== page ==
Date: Wed, 14 Jul 1999
Subject: Re: Submission Crucible -Reply

>>>Mr. Waber proposes that rejection letters ought to be accompanied
by a subscription form . . . "adding insult to injury," "rubbing salt in the
wound," etc. What do y'all think about this? Would you feel insulted,
salted, annoyed, demeaned or otherwise antagonized by such an
enclosure? I'd really like to know. Because we'd really like to have more

Why do you say only "rejection letters" should be accompanied by a
form? What is it about your acceptance letters or, for that matter,
even solicited contributors that makes you leave them out of the
equation? If you'd have qualms sending unasked-for subscription forms
to, say, a Charles Bernstein, or Geoffrey O'Brien, or Fanny Howe,
when you notify them of publication, that hesitation should apply to
those whom you decline to publish, as well.

Some things to consider:

It's perfectly legitimate for a magazine to run a subscription campaign,
and even to assemble a mailing list from the addresses of "submitters."
But, in scrupulous business terms, that effort should be treated as its
own separate account; otherwise, you're piggybacking your
development campaign onto the backs of somebody else's 33 cent

There may be genuine reasons for deciding not to subscribe to journals
and to buy them in bookstores, instead. The covers of perfectbound
journals are usually not designed to be folded over and squashed to fit
into narrow city mailboxes. So immediately, subscription means reading
a damaged copy.

The publication schedule of small press journals is, as a rule,
undependable. You never know exactly when they're going to come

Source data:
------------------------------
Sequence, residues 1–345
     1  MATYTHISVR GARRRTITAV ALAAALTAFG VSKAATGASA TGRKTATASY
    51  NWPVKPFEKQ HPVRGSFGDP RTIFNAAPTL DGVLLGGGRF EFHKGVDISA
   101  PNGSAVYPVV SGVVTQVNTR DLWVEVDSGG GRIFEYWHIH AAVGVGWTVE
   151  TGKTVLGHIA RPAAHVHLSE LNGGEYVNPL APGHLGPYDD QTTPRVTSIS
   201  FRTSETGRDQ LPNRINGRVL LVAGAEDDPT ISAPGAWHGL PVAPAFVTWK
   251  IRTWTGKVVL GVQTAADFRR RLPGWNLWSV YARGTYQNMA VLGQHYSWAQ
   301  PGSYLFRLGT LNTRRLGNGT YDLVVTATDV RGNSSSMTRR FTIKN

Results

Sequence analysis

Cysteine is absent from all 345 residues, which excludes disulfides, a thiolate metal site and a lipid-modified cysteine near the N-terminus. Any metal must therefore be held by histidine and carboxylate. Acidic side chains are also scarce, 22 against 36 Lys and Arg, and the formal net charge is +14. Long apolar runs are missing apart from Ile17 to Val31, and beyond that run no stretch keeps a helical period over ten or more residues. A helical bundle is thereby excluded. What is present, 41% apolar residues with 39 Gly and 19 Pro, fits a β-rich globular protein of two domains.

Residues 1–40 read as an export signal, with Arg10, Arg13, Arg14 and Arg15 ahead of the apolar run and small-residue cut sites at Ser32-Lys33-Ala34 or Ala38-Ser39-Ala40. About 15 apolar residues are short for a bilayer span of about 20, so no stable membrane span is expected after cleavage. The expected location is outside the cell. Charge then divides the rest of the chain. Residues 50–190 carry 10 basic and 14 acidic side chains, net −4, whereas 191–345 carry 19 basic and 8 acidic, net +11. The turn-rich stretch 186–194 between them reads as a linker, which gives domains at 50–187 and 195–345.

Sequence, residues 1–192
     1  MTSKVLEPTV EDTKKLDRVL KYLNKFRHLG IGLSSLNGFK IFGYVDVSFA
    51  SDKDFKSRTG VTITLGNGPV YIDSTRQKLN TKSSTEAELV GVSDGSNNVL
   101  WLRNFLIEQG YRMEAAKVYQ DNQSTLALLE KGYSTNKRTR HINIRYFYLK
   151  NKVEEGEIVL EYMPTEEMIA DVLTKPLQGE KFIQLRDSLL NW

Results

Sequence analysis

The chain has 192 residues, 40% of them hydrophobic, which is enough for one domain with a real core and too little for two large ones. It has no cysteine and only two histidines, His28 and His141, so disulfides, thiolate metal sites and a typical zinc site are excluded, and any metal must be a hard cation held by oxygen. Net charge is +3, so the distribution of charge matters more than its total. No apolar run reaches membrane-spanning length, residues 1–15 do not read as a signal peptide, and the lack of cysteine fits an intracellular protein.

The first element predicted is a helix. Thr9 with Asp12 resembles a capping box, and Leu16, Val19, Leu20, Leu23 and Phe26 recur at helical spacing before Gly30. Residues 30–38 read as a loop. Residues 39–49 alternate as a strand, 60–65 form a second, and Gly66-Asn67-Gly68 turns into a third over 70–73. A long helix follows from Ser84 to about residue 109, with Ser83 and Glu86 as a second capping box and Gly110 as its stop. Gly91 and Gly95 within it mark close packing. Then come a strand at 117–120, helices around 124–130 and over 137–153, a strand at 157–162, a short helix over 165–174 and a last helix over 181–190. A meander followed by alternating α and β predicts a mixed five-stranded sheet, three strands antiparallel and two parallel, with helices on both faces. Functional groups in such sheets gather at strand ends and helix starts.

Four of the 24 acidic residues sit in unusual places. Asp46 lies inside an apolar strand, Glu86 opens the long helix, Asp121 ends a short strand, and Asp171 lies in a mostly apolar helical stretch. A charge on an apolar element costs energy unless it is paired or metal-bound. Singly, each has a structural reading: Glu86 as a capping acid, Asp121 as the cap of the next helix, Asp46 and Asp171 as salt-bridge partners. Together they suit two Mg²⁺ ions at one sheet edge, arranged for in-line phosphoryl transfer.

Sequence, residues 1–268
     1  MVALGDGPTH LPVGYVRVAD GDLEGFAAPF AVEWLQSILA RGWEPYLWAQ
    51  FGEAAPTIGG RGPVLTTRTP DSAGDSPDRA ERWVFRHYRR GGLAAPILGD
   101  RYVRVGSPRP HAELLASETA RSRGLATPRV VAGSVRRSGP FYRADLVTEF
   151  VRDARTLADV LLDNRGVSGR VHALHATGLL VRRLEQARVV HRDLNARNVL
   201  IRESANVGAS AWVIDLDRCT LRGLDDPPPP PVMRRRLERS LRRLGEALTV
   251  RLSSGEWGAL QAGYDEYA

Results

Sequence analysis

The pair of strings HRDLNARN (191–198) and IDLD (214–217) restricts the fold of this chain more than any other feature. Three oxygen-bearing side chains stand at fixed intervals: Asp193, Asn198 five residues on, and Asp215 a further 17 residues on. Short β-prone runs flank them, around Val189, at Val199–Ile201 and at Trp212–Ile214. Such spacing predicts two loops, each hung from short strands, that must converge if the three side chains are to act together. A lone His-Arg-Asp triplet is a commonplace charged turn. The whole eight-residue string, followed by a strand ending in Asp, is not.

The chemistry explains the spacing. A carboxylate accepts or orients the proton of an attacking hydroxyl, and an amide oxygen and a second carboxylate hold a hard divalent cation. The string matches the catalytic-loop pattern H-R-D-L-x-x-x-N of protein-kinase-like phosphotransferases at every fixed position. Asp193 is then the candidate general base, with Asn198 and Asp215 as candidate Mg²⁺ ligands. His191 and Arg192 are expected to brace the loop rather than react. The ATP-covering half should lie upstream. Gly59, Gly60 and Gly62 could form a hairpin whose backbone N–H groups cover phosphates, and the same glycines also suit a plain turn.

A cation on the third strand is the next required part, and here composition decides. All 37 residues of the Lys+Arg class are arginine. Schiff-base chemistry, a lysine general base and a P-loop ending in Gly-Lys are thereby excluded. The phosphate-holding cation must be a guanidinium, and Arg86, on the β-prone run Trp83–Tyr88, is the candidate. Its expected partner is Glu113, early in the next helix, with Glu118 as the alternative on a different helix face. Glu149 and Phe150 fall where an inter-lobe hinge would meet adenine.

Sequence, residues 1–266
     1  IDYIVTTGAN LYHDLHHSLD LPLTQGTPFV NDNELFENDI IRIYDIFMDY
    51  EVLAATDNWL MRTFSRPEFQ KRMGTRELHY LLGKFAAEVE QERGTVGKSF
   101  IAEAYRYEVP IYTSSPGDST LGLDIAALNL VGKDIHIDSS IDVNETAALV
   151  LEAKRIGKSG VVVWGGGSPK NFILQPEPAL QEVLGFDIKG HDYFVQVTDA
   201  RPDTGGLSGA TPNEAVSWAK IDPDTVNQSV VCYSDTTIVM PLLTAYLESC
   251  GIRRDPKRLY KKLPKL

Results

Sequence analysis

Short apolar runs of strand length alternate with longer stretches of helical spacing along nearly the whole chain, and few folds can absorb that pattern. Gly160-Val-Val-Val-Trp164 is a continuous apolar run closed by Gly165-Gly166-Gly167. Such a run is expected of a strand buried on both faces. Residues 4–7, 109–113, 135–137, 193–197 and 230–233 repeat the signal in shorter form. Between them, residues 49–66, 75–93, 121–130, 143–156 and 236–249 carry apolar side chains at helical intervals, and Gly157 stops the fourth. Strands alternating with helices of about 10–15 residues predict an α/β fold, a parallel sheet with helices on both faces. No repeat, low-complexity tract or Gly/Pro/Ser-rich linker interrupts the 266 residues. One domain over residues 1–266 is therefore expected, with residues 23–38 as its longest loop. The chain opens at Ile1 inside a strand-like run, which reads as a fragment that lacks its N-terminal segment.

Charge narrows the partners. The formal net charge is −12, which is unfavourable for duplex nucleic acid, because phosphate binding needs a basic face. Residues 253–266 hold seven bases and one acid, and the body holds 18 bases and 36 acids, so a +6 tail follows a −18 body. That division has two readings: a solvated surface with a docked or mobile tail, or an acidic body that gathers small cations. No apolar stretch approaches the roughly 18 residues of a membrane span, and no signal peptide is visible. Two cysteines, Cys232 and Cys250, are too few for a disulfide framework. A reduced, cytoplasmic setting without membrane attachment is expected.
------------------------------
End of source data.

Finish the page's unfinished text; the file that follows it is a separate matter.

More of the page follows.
out. To be truly subscription-oriented, journals would have to hold
themselves to the same firm commitment of unbending dates as
periodicals, guaranteeing when the books will be sent out, and those
dates should be advertised as such. A subscription is a contract.
We're conditioned to these nuisances of punctuality and efficiency, and
paying for something that you're never sure when you'll see it may be a
reason for its unpopularity.

Also, the climate of non-literary journal magazines (glossies) we're
acculturated to, where subscriptions are standard, has learned to run
certain features to encourage an air of dialogue between the
subscriber/reader and the magazine. Specifically, letters to the editor
columns or "polls" as part of the aura that builds a subscription base.
That's what you'd be buying into. Such lures foster (even if an illusion)
an impression of things being interactive, so that subscription fees
are dismissed as only part of a larger two-way communication. A
subscription campaign requires bait, in addition to the product itself.
In same Madison Avenue glossy culture, subscribers are offered
substantial financial discounts off newstand copies, which literary
journals do not offer. Or t-shirts or mugs.

By sending out subscription forms like that, now you're the one entering
into the "pretty please" realm of the unsolicited. And you risk having the
reputation of your journal and its logo become part of the junk mail pile.

Personally, I've been spending about $35.00 a month, currently, sending
off for small press journals ($3, maybe $5, rarely $7 a pop) who do not
have national distributors. (That does not include the off-the-rack ones I
buy, at about one a week; I have been known to buy $80.00 worth of
literary magazines at a single shot.) I find it presumptuous, this bias that
"submitters" are somehow not pulling their share of the weight. How do
you ~know~ that the recipient of the rejection letter hasn't bought every
issue to date? But, I must say, I very much like the feel of not playing
into conventional consumerism that comes of this practice. It feels very
personal: whoever mailed that journal wrote "Thanks!" on the outside of
the mailing envelope! Converting the audience ("submitters") into cash
cow returns the literary journal to a whole ethos (sorry) of target
demographics and such, which I thought the iconoclasm of the poetry
was ostensibly subverting. And once literary journals have become
mixed into the blizzard of "Bill me later" forms, why not just belly up and
subscribe to W?

An alternative to treating the (frankly unpromising) "submitters" as
golden goose might be to step up the drive for advertisers.

I hope this broadens the ramifications for "we'd really like to have".